How Top Leaders Create
Leaders are always searching for ways to increase accountability to get the results they need. My advice is to start by defining your role when it comes to delivering results. Simply put, the leader's job is to ensure every member of the team wins, and winning is defined as meeting the organization's top objectives. I only wish someone would have explained this to me earlier in my career. The reason this is so powerful is due in part to the inherent quid pro quo. Throughout my career one of the best ways I've found to help people win is to establish an accountability-based culture focused on producing results, not activities. Here is the seven-step formula you can use to create accountability and achieve extraordinary results in any organization:
Effective communication drives results. This means being direct and forthright with people in every conversation, letting them know where they stand, what's needed from them, and when it is needed. Often good leaders can become great leaders by reshaping the way they talk. Here's how it works. When you make a request of someone, take a little extra time to explain why you are making it. Put it in context and explain why it's important to the goals of the business. Then the person can provide a more robust solution because she understands the purpose of the task and how the information will be used.
Last but not least, don't forget to ask what the person needs in order to complete the task. This approach removes excuses, reduces rework, and is a great way to build relationships. It's also a great way to develop future leaders by increasing responsibility and encouraging decision making and creativity. By holding others accountable, you are teaching them to accept responsibility. Remember, making and meeting commitments is one of the best ways to build trust. So treat commitments as promises and watch how results improve.
Here's an easy test to determine the level of accountability in your organization. Just listen to the conversation going on in meetings. Is conversation directed toward commitment? Are individuals talking about what is important and what will and won't get done? Are they making requests of one another and asking for commitments? Or do conversations stray to generalities, vagueness, rationalization, and missed expectations?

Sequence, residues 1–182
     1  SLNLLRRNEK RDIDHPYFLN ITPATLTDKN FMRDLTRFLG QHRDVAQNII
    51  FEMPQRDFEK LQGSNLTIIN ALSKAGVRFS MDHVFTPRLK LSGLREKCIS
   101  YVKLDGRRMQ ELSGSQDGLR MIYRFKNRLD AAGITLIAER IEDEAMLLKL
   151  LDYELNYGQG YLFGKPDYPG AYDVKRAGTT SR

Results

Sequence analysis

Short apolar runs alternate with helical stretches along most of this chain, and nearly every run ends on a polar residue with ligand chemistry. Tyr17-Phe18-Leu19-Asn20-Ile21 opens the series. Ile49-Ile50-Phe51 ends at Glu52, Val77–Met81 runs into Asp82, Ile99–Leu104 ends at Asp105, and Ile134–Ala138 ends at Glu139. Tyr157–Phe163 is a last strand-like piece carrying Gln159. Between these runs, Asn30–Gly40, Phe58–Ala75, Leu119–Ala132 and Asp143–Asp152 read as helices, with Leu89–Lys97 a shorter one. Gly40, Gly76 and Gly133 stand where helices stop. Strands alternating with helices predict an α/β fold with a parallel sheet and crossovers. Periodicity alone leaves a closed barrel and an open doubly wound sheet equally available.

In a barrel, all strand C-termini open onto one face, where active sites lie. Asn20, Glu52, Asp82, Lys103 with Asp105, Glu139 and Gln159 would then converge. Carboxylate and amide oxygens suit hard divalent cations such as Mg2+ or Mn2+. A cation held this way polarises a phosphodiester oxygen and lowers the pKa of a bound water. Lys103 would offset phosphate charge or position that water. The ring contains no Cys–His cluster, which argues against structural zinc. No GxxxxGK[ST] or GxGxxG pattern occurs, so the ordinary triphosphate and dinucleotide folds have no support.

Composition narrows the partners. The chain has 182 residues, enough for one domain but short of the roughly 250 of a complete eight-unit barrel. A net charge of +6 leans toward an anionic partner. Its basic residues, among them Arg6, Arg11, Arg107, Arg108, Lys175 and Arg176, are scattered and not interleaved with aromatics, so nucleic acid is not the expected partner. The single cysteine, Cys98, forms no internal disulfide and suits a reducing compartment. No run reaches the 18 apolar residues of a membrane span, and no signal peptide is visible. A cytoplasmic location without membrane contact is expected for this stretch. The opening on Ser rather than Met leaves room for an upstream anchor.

Do you have people who constantly talk about how hard they work, how many hours they put in, how little vacation they take; yet you wonder what they actually produce? If so, most often these people are focused on activities instead of results. They will continue to do this as long as your culture condones this behavior. Ask yourself this important question - Do you care how hard people work, or what they get done? Top performing organizations prefer the latter.
A group is performing well when they talk about actual results, not the activities and hurdles along the way. When team members hold themselves accountable, you hear responsibility in their conversations. They ask one another for help in order to get on track. There are no victims, excuses, or concerns over a lack of knowledge. Instead they are searching for the knowledge and support they need from everyone around the table to reach the company's goals.
Accountable leaders work diligently to maintain company-wide focus on the achievement of management's most critical business goals and to see these goals become results.
When everyone is focused on achieving the organization's top objectives, every employee should be able to answer yes to the question, Did my actions today move the company closer to achieving our most critical business goals?
Actions to take now!
Start getting results immediately by taking these ten actions now:
I pledge to you that if you act on these directions, you will achieve extraordinary results you may never have thought possible.
Bob Prosen is President and CEO of The Prosen Center for Business Advancement (www.bobprosen.com). He has been delivering exceptional business results for more than a quarter-century, first as an successful agent of transformation at a variety of major and mid-sized U.S. corporations, and lately as a consultant, educator and speaker working with leaders of organizations in business, government and not-for-profit arenas.
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Many more articles in Creative Leadership in The CEO Refresher Archives